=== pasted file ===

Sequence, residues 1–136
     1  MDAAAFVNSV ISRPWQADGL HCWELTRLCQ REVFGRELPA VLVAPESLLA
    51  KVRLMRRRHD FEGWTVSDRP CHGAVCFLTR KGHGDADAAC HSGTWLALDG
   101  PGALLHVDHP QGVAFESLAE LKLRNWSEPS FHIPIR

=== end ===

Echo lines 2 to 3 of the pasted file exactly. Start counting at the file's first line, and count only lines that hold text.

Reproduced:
     1  MDAAAFVNSV ISRPWQADGL HCWELTRLCQ REVFGRELPA VLVAPESLLA
    51  KVRLMRRRHD FEGWTVSDRP CHGAVCFLTR KGHGDADAAC HSGTWLALDG